We’ve covered the issues that spam presents for email marketing. Today we are going to go over spam’s legitimate cousin – graymail, or bacn ("bland automated community notification", pronounced like "bacon").
When it comes to email, there are many shades of gray. Essentially, graymail is email that people falsely mark as spam. Once upon a time you gave permission to join a company’s mailing list. For whatever reason, you no longer enjoy getting messages from this company and hit the 'spam' button. This is considered graymail, which includes legitimate newsletters, offers, or notifications that you just don’t want anymore.
How is graymail not spam? We will refresh by reminding you the definition of spam which is “unsolicited bulk email”. Unsolicited refers to the fact that the recipient did not grant verifiable permission for the message to be sent.
Graymail differs since it is email messages that subscribers opted-in. Two quick takeaways for email marketers:
- Set Expectations: When building your list, make sure subscribers are clear on what they are agreeing to. They should be well aware of what types of emails they’ll be receiving and how frequently.
- Clear Exit: Each email needs to have an opt-out. Make it easy for recipients to quickly unsubscribe.
Graymail has received significant attention since Hotmail declared war on graymail about two months ago. Hotmail estimates nearly 75% of what current customers identify as spam is actually graymail.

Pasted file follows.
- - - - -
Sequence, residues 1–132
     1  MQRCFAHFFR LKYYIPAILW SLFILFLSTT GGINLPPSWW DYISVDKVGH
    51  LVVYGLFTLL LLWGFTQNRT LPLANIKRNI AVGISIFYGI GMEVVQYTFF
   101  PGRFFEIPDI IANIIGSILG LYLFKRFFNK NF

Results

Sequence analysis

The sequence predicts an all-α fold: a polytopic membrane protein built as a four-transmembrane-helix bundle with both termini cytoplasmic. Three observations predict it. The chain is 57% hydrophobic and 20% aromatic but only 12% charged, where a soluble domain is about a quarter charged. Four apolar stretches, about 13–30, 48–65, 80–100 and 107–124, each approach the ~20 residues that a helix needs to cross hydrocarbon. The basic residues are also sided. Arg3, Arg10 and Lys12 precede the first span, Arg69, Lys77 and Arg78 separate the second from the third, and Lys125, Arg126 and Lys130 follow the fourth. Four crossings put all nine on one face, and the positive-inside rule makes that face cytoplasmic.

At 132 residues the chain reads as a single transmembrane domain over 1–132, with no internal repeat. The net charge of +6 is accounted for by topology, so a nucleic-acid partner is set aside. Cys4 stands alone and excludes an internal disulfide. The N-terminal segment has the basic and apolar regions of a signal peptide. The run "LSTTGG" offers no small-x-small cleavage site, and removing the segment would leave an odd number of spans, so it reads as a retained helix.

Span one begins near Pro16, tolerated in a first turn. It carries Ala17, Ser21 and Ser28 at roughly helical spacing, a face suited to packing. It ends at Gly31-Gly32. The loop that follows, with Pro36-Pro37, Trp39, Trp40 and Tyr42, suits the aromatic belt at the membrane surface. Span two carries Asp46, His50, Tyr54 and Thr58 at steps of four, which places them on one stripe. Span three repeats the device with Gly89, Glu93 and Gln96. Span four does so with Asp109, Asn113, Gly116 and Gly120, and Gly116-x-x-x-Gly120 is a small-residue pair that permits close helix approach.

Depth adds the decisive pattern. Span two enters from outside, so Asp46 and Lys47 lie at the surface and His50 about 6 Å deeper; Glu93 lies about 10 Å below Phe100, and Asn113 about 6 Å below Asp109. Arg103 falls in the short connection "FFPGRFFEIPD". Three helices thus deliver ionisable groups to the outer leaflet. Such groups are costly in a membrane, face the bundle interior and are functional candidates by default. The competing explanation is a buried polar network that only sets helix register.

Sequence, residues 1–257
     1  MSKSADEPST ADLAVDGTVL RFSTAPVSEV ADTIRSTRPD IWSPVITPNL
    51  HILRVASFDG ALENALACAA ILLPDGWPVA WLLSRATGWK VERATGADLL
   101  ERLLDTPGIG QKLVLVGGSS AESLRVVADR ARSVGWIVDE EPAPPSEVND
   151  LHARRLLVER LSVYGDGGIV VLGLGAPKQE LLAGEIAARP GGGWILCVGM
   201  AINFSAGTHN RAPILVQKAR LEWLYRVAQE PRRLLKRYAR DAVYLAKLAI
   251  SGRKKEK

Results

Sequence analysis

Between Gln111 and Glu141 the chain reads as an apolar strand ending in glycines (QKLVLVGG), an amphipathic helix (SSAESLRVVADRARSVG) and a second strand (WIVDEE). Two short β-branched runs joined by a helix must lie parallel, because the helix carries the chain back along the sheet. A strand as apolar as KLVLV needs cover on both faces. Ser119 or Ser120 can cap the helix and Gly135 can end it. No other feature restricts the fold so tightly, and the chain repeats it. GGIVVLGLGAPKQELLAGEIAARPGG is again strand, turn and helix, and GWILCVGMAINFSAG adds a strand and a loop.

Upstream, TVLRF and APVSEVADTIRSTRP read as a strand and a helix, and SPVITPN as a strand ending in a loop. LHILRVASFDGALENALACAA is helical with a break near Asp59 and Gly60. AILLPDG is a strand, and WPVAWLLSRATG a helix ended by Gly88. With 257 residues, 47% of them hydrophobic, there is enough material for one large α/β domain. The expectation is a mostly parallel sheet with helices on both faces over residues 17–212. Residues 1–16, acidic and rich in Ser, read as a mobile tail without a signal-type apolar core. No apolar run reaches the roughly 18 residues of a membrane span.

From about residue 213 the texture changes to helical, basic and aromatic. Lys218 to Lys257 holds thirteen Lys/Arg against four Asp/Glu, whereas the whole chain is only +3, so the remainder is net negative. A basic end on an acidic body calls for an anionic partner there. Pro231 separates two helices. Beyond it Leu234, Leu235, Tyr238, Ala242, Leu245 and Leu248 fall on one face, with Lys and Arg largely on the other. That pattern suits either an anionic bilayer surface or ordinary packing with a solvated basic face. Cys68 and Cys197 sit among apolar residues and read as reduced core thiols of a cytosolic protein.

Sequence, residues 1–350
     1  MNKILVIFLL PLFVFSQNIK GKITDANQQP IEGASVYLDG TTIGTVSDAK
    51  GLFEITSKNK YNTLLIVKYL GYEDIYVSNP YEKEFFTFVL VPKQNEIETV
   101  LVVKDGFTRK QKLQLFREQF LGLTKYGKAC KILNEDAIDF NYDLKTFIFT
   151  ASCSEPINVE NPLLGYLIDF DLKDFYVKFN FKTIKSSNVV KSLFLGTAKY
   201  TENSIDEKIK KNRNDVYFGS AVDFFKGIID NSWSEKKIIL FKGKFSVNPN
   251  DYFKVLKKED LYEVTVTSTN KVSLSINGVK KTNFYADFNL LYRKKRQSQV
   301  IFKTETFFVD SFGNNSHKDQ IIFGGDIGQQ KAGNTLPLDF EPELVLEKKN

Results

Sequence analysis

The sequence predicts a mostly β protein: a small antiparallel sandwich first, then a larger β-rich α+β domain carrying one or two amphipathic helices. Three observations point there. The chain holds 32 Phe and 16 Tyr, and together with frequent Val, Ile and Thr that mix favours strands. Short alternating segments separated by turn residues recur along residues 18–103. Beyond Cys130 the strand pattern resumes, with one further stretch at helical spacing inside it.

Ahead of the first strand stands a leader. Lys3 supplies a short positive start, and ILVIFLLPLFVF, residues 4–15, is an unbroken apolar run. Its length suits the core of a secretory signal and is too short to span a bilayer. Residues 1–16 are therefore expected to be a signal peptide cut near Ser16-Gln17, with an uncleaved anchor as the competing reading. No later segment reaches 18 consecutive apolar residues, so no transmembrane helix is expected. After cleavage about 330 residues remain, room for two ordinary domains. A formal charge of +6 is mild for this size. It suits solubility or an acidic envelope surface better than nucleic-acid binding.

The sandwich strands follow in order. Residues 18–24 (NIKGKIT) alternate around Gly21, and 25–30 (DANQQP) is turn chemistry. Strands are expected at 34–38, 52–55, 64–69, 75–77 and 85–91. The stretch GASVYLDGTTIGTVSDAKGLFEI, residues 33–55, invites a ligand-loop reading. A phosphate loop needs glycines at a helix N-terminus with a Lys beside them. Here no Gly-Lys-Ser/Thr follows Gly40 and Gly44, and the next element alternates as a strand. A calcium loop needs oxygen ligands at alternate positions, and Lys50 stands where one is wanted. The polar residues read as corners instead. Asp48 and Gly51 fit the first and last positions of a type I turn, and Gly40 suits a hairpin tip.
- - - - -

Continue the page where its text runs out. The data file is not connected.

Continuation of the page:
According to Hotmail, “The same message that one person thinks is ‘spam’ could be really important to another person. It’s not black and white.”
Many ESP’s like MailChimp can detect when email goes gray. If too many people mark your message as spam then ESP’s may disable your ability to send new campaigns. It brings up another key takeaway:
- Create Engaging Content: As a marketer, it is important to be well aware of the needs and wants of your customers. Emails need to resonate with your audience.
What do you think about graymail? Is it a serious threat to email marketers?
According to a 2010 study by Return Path, achieving strong inbox placement remains a challenge in the B2B sector with a delivered rate of just 75%.
Delivered/Delivery rate is a common statistic used among marketers and email service providers (ESP). However, the term can be quite deceiving, since it doesn’t tell you what was really delivered to the inbox. Delivery rate refers to the amount of emails sent minus bounces/undeliverables. Delivery rate does not take into account the fact that your email could have likely ended up in a “spam” or “junk” folder.
If users can access the folder, they are still unlikely to see and read your company’s email. Over half of email subscribers are comfortable letting their ISP decide what spam is for them rather than reviewing all of their email and deciding for themselves. (Source: MarketingSherpa. “Email Marketing Benchmark Guide.” 2008.)
In addition to your email being ignored, spam folders make it challenging for marketers to properly determine if their emails reach the inbox or not. This further undermines other statistics like open rate. Open rate is the amount of tracked opened emails divided by the delivery rate. Again, this statistic has a false assumption that all non-bounced emails are being delivered to the inbox. Therefore, open rates skew our perceptions. They make it hard to gauge the effectiveness of email campaigns.